All truth claims are deemed equally true. None is more truthful than the other except when it comes to those truth claims uttered by those claiming to be victims harmed by an alleged oppressor class. Then their feelings and their grievances become weaponized and constitute unassailable truths against the criticisms or high standards of others. Those criticisms and high standards become codified as expressions of violence and abuse.
Under hyper-democratization there is not any proper vetting. There is no rational discrimination. Diversity, Equity and Inclusion programs have permanently killed that civilizational requirement.
The problem is that those 82 students were let into the future, so to speak. This is the promise of liberalism that, taken to its logical terminal, fulfills. It razes the mountains, so no one has to scale them to get the high view. The mountains are razed, and persons of ability are forced to stoop to meet the lowest common denominator of the masses and reflect back to them a vision of their own uninspiring mediocrity. There is nothing emulative in that picture, nothing on which to pin their aspirational identities; just a narcissistic desire that others kill the highest possible within themselves and adopt stylized vulgarity.
Observe the following: the singer/rapper Lizzo glamorizes obesity when there is nothing glamorous or pretty about it (obesity along with the comorbidities that accompany it, are the number one killers of black women in the United States); gangster-thug rap that celebrates violence, gang, and pornographic culture now permeates all spheres of our culture; in the spring of 2023 UC Berkeley will be offering a course on the female rapper Nicki Minaj called: Nicki Minaj: The Black Barbie Femmecee & Hip Hop Feminisms.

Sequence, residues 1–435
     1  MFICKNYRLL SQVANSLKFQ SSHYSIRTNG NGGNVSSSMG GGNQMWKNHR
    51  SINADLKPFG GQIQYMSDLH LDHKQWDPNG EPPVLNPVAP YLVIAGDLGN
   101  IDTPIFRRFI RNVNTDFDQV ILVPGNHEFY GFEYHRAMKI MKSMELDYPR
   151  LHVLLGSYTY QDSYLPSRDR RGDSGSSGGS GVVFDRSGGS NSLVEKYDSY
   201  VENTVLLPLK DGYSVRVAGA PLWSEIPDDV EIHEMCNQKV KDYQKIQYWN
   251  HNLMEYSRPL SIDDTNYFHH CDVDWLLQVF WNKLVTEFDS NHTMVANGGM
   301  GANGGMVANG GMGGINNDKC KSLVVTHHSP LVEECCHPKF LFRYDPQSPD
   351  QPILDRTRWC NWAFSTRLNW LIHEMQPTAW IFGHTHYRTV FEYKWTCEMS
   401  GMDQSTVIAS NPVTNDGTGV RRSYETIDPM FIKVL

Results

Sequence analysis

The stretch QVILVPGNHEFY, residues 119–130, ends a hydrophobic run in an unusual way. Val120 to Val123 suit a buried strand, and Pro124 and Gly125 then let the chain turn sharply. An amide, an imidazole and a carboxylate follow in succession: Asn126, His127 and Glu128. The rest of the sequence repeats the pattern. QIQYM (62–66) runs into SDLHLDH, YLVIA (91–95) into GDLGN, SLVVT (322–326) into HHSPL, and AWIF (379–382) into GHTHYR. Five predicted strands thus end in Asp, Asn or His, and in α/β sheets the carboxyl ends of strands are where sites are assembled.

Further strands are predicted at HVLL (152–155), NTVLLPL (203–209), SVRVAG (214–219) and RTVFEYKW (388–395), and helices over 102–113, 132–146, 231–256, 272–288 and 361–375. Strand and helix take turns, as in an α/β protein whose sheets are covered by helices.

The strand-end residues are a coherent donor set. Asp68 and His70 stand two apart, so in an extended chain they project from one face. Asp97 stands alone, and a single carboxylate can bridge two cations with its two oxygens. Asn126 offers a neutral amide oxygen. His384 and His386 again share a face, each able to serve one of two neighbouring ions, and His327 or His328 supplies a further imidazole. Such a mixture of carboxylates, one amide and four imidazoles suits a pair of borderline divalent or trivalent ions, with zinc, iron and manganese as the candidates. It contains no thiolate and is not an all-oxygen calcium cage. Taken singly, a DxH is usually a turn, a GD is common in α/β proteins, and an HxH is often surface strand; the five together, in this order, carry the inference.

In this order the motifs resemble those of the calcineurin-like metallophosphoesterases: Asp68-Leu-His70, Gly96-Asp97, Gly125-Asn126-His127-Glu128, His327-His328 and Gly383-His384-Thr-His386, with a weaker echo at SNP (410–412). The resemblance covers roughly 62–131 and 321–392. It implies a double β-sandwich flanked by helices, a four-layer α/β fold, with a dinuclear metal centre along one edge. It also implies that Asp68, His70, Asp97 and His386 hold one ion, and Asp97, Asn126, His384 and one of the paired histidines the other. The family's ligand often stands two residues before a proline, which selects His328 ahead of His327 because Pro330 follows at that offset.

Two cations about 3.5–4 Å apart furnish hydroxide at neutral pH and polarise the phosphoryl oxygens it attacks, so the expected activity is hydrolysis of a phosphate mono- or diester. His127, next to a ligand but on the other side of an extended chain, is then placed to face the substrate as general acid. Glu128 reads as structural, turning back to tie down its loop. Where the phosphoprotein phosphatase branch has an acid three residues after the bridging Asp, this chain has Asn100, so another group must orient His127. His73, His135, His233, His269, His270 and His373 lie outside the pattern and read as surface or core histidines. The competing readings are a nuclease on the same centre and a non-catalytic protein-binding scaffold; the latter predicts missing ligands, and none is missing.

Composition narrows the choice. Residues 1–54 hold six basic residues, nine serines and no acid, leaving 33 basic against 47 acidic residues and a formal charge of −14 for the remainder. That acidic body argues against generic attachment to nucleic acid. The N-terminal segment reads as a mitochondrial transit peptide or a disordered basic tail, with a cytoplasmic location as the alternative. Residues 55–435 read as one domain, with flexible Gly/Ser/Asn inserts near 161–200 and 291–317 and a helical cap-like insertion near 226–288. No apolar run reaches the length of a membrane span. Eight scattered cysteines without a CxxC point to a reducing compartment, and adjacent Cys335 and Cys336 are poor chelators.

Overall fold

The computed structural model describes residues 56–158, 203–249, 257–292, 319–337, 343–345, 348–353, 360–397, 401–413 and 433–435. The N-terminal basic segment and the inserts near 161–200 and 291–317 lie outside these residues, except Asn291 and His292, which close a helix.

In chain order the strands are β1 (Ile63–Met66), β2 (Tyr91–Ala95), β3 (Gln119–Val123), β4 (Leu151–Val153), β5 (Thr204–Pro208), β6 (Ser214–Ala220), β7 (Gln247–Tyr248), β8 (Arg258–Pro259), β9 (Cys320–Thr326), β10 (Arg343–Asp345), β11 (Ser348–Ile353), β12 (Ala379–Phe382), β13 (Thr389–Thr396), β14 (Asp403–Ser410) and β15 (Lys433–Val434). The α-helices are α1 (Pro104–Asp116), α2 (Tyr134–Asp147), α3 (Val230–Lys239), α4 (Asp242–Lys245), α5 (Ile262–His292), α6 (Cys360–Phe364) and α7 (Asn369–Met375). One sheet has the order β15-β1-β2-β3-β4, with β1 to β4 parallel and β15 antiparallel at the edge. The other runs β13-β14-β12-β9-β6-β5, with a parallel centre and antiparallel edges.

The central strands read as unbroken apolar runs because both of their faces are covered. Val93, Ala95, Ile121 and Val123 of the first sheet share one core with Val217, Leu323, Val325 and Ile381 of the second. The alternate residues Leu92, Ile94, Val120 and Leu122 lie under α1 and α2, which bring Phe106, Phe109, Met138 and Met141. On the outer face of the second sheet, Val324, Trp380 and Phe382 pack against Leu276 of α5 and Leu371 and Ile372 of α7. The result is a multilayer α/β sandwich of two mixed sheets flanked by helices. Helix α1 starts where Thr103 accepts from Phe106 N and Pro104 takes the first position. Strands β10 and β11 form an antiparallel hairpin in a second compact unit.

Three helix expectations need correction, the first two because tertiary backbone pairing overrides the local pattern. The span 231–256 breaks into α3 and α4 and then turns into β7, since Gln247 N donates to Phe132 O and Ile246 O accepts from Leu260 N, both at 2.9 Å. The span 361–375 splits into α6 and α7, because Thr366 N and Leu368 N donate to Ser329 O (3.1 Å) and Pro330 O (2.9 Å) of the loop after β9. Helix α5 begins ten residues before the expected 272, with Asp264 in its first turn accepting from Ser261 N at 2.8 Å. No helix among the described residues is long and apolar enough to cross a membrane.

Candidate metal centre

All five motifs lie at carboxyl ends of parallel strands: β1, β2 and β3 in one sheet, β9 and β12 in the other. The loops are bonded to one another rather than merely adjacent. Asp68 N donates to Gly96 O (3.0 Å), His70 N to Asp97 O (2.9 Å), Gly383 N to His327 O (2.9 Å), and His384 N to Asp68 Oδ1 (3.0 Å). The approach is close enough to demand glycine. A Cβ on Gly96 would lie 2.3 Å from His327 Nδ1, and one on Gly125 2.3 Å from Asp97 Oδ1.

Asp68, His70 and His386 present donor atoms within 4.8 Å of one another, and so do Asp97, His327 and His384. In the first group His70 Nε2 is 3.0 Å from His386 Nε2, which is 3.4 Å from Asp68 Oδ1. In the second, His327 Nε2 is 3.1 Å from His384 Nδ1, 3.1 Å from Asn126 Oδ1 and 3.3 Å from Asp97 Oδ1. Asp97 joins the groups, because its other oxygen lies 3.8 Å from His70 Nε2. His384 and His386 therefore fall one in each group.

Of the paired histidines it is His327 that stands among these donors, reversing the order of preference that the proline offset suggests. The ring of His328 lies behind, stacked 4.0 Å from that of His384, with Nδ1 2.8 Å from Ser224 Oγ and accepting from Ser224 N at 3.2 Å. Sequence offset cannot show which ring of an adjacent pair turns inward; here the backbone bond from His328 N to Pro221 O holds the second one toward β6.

There is no lower place in educational and cultural hell for us to descend into.
Those 82 students are not the cause of the utter moral, intellectual and spiritual bankruptcy that is at the heart of our secular, liberal culture: they are the symptom of a rot that comes from the rampant egalitarianism that emerges from a massive surge of democracy undergirded by ethical and cultural relativism.
Professor Jones is an elitist in the best sense of the term. He is a human being who has embodied standards of excellence in his person and discipline. Elitism in this sense has a moral upshot to both the trait and to the practice of it. It is not an inheritance or an endowment. It is, rather, an achievement earned through grit, honor, resilience, perseverance, tenacity, failure, success, audacity, and merit. One cannot whore one’s way into the pantheon of human greatness by screams, shouts, claims of grievances, or by weaponizing one’s infantile feelings against those whom one wishes would be more compliant and a little less competent.
What we need are more conscientious defectors from the Parthenon of excellence who are complicit in upholding mediocrity and the substandard. They need to break with the herd and stop pandering to obstreperous children and plain dunces out of fear. We need more outspoken individuals who will not be afraid to be part in what may now seem like a Darwinian vetting process. Too many social ballasts have been allowed to raze the mountains and sink the ships traversing the world built by giants. We need rational discriminators who are not afraid to admit to themselves and to others that there is, unfortunately, as hard as liberalism has tried to negate this truism, the following: that some people are simply outside the historical process. Leave them alone to find their way. But do not let them destroy the epoch-making processes and events effected by achievers. Do not let them infect the process with their idea pathogens and embodied mediocrity by destroying a culture of greatness some are trying to create and preserve.
They had their chance to participate, and they failed. Everyone has a democratic right to fail. Failure is built into the nature of reality.